Electrical maladies are common because the fuse box gets wet if the windscreen leaks; it’s located under the dashboard on the nearside. A lot of GTis have had their electrics damaged by aftermarket stereos and security systems being spliced in, so check that everything works.
Volkswagen switched to blade fuses in 1982; earlier cars used the bullet design. While the later fuses are more reliable, they can still play up. Most problematic of all, though, is a non-functioning trip computer in a GTi 1.8. The LCD and ribbon cables can both be temperamental, and replacement parts are now all but extinct.
- Sep 1975: Golf GTi makes its debut at the Frankfurt Motor Show in concept form, known as the Sport Golf.
- Oct 1976: Golf GTi is now available to special order, in left-hand-drive form only, with a 1588cc engine.
- Jul 1979: A right-hand-drive Golf GTi is now offered.
- Apr 1980: GLi convertible arrives, with a 110bhp GTi engine.
- Aug 1980: Golf Series 2 makes its debut, with bigger rear lights, a revised dash and a 17-digit VIN (it was previously 10 digits).
- Sep 1981: There’s now a five-speed gearbox as standard.
- Sep 1982: GTi and GLi get a 1781cc engine.
- Sep 1983: Golf MkII debuts, but the original MkI-based convertible continues until 1993. The hatch is built in (and for) South Africa until 2009.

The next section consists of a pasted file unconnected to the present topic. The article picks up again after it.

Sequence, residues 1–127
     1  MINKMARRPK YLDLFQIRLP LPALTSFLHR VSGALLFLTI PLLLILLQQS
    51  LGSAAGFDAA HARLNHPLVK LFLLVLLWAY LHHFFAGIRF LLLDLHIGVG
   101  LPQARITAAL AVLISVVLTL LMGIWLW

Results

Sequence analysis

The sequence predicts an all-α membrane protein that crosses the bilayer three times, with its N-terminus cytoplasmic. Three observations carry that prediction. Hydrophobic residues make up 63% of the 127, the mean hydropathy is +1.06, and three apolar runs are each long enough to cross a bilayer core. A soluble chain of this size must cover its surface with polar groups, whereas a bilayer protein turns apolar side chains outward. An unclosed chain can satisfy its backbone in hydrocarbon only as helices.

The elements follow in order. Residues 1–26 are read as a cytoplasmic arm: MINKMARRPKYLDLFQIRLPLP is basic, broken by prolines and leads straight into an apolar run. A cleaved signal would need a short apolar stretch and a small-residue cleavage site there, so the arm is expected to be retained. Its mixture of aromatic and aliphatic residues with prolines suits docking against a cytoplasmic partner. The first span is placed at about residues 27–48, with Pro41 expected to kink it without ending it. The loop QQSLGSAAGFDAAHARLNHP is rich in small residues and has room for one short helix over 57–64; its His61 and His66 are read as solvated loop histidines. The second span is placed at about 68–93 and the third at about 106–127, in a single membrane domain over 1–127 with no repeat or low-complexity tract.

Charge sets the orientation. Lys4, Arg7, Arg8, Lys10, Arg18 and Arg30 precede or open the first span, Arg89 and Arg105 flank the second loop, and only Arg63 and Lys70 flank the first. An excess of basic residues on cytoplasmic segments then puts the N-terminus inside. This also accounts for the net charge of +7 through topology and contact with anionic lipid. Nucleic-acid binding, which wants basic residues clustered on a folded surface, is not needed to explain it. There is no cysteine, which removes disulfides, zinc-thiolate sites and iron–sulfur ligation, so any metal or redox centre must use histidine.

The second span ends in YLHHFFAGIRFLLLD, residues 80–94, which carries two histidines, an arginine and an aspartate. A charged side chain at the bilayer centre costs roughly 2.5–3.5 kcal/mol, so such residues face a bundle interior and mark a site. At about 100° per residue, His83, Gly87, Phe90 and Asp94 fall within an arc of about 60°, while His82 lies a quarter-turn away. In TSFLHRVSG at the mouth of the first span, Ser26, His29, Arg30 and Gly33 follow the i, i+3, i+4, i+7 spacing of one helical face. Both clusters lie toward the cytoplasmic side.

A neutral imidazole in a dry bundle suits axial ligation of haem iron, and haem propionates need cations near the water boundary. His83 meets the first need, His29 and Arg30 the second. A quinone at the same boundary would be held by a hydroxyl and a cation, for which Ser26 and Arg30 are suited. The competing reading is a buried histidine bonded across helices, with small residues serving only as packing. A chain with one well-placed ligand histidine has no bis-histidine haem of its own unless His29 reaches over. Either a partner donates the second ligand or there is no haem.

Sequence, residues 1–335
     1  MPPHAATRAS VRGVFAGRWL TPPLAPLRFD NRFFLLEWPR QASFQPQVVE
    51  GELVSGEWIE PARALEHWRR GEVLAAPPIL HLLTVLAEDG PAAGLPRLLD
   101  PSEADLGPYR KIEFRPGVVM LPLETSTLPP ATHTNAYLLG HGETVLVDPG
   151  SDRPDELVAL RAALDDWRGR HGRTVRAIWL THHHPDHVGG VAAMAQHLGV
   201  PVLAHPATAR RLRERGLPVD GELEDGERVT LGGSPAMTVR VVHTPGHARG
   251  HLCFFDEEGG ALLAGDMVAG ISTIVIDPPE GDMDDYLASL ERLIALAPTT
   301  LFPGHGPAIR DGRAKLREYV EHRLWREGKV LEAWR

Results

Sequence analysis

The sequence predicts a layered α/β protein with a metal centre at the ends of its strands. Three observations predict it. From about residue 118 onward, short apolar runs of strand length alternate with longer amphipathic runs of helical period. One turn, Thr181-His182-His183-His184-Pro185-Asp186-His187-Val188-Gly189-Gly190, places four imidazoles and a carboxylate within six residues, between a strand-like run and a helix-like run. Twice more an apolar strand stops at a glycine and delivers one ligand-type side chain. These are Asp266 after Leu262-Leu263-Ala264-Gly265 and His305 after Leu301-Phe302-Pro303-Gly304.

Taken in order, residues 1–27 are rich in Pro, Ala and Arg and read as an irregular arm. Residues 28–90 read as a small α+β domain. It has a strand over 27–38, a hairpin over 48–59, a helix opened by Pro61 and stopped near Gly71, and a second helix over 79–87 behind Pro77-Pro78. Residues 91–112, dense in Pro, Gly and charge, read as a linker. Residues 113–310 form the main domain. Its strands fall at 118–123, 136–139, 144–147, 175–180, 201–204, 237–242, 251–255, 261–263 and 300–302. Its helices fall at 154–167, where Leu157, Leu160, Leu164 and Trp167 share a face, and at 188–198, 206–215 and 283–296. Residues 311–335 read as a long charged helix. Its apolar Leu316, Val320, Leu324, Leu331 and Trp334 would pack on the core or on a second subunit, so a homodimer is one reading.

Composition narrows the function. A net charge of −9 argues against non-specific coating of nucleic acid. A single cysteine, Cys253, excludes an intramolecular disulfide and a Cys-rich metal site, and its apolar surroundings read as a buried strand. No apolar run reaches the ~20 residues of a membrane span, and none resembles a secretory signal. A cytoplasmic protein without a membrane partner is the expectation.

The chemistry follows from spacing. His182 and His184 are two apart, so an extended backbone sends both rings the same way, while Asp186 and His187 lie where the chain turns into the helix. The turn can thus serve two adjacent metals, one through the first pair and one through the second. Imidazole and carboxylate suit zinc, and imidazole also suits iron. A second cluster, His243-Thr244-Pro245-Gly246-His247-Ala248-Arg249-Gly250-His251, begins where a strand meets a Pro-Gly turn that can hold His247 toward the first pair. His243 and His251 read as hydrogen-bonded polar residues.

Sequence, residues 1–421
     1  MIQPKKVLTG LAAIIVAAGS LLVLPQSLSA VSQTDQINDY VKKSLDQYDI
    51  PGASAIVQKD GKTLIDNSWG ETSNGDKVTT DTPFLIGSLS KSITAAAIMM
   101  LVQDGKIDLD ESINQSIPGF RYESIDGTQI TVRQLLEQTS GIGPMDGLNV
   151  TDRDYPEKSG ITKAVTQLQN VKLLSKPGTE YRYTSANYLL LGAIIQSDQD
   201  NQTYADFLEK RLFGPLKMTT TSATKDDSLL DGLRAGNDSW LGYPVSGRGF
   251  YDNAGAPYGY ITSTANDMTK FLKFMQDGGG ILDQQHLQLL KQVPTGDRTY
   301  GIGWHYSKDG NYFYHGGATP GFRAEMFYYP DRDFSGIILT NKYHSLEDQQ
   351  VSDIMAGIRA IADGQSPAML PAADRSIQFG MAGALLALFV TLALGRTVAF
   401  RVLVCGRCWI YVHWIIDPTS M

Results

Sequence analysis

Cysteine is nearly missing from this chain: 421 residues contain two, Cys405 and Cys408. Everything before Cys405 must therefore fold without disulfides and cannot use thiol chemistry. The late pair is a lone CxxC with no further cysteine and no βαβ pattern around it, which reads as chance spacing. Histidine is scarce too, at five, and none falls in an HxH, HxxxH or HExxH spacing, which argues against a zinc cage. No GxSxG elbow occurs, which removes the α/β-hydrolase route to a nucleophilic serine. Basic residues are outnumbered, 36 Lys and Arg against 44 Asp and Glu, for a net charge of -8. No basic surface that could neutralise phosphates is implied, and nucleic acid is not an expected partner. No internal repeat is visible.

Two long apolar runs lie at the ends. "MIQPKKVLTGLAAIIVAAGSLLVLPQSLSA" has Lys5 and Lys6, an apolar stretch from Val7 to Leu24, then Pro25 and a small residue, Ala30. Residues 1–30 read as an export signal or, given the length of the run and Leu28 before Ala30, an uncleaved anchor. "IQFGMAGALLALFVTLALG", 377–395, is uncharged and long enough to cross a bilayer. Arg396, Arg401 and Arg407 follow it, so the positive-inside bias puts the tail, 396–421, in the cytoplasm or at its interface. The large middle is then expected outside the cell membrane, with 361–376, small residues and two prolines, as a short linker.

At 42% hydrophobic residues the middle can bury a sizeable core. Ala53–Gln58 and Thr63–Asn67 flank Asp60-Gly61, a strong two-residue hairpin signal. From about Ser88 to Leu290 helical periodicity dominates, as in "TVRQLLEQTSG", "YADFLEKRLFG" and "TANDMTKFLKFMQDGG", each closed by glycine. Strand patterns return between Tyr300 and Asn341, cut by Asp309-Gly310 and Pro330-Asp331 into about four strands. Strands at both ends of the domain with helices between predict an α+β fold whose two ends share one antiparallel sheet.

Hot hatches from the 1980s have become seriously fashionable, and few are more collectible than the original Golf GTi. As a result some cars sell for more than they’re worth, so don’t get sucked in by the hype.
As the GTi evolved and became more heavily developed, it also became more usable. But few of these cars are used for anything more than the odd show nowadays, which is why it’s the earliest examples that are the most sought after. On that note, the 1.8 offers no more real-world performance than the 1.6, so don’t go out of your way to buy one of these final models.
After the early 1.6-litre cars, it’s the run-out Campaign that most buyers want. As a result these tend to be quite valuable, so check that you’re buying the real thing. A genuine Campaign will come with a post-August 1983 registration, EW in the chassis number, green-tinted glass, four-lamp grille, spring-loaded fuel-filler cap and factory-fitted sliding steel sunroof.
If you want anything other than an average GTi, joining a club and getting to know people is essential, as the best cars change hands between club members. However, you don’t need a mint GTi to have plenty of fun; an average example will offer just as many smiles for a lot less cash.
|Golf GTi 1.6|
|Golf GTi 1.8|
Picture courtesy of Volkswagen Media UK